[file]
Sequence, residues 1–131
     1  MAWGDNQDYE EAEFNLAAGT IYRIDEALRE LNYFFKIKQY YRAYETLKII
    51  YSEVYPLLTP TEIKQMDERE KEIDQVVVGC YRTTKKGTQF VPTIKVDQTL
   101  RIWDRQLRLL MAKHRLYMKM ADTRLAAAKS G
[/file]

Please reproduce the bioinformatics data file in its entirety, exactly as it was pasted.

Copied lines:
Sequence, residues 1–131
     1  MAWGDNQDYE EAEFNLAAGT IYRIDEALRE LNYFFKIKQY YRAYETLKII
    51  YSEVYPLLTP TEIKQMDERE KEIDQVVVGC YRTTKKGTQF VPTIKVDQTL
   101  RIWDRQLRLL MAKHRLYMKM ADTRLAAAKS G